Face to Face – Meet the Wildlife in South Florida

For me, wildlife photography is not about taking pictures for contests or sales or even hanging on a wall, it’s about the relational experiences created and enjoyed while taking the picture. It’s about the friendships made while photographing or the experience of the trip to get to the place to capture images and it’s about learning the subject, it’s behavior, it’s chemistry or the physics behind the image. It’s about making new friends and cultivating relationships. It’s about the journey and not just the mission.

This project is a series of face-to-face photos of some our favorite wildlife in our favorite wetland parks in Palm Beach County. As you will see, the animals in the two parks were very cooperative as I captured their images for this project.

Face to Face with Rory

Face to Face with Rory

I first spotted this character in the generator parking area at Wakodahatchee. He was cautiously trailing across the parking lot under the power generators deployed following extreme floods and storms. Stopping every few steps, sniffing the air, looking both ways he moved carefully studying the area before advancing to the next yellow box on wheels. Before he could escape the fence several people emerged from the ladies room making a bit more noise than he was comfortable with so he hid behind the tires poking his head out between them to take a peek.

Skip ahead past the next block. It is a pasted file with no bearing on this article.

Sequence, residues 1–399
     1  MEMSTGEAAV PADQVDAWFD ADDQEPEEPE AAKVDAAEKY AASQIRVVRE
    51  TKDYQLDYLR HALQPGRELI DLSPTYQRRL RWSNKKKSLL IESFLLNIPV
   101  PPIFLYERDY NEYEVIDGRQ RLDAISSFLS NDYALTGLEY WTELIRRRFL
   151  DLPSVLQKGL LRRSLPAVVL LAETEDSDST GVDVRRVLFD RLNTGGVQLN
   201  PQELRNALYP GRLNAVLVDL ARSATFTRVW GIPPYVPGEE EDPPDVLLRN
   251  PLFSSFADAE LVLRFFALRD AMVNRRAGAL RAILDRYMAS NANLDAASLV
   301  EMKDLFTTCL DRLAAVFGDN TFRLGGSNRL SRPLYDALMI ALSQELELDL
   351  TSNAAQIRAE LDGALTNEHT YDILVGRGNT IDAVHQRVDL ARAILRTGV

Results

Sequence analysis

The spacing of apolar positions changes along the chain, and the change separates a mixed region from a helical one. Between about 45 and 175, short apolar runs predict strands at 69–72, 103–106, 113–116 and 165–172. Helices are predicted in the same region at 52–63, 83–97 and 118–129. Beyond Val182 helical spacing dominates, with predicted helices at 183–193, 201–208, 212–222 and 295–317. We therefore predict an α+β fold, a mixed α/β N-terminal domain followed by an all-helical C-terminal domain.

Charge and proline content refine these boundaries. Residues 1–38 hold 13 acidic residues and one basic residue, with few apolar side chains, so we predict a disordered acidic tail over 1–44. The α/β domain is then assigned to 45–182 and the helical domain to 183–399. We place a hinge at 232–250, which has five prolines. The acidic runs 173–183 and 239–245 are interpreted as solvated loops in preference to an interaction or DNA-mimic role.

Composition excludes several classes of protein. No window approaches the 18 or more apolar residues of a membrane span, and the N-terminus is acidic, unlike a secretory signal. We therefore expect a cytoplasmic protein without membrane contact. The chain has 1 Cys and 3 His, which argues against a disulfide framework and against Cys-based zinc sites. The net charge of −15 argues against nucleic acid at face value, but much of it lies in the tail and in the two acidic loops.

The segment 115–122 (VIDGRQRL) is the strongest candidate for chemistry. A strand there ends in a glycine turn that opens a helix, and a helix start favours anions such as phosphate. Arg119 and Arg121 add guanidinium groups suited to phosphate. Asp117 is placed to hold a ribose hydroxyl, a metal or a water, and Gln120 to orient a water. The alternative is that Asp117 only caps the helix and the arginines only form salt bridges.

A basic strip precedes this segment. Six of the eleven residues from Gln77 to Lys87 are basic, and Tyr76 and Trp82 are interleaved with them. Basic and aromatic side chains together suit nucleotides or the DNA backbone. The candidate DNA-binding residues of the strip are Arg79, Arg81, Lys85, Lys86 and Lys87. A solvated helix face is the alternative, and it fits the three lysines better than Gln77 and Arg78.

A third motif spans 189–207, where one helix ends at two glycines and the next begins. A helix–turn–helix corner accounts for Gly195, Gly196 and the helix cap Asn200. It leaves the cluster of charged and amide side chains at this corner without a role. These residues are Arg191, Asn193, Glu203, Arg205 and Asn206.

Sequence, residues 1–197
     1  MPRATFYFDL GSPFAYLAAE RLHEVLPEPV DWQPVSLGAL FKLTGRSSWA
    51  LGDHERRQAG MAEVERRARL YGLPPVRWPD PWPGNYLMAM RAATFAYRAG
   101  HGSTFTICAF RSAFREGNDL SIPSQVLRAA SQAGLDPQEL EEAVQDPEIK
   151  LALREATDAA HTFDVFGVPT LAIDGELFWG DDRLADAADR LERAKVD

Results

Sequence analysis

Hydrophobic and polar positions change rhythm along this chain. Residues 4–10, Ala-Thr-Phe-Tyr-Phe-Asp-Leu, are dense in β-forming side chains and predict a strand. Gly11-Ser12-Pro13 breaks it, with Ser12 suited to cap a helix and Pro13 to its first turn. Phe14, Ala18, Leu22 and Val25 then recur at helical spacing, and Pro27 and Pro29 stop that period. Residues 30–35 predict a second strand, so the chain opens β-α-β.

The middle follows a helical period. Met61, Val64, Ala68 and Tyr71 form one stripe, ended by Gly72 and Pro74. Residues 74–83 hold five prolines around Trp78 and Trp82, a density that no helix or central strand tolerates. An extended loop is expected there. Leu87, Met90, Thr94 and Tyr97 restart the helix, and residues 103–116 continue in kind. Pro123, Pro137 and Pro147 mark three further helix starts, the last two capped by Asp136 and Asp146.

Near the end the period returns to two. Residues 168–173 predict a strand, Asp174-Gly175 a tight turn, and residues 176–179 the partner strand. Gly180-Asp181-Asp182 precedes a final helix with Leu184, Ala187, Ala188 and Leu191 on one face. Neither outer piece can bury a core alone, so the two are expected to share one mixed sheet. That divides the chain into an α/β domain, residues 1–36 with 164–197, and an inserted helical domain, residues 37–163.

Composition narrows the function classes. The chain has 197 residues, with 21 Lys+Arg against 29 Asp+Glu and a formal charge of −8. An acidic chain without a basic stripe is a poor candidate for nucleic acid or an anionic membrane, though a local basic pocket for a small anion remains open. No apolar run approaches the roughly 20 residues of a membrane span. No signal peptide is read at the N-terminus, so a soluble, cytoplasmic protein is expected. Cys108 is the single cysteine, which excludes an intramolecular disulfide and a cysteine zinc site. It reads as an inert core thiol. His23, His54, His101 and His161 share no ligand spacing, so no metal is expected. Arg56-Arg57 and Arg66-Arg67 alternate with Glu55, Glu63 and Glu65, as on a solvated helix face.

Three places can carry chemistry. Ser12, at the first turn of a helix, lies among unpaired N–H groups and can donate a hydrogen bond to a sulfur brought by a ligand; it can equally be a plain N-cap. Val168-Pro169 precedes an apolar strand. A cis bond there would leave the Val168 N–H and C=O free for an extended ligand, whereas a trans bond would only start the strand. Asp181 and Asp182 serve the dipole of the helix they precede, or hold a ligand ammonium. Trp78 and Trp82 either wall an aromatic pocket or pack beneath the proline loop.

Raccoon

It took only a moment before he turned around and headed the other way and shot out under the south end of the fence. He must have been trying to escape the building area to skitter into the wetland for a bite of diner. As he was heading back across the wooded area he stopped for a quick eye contact with me, SNAP.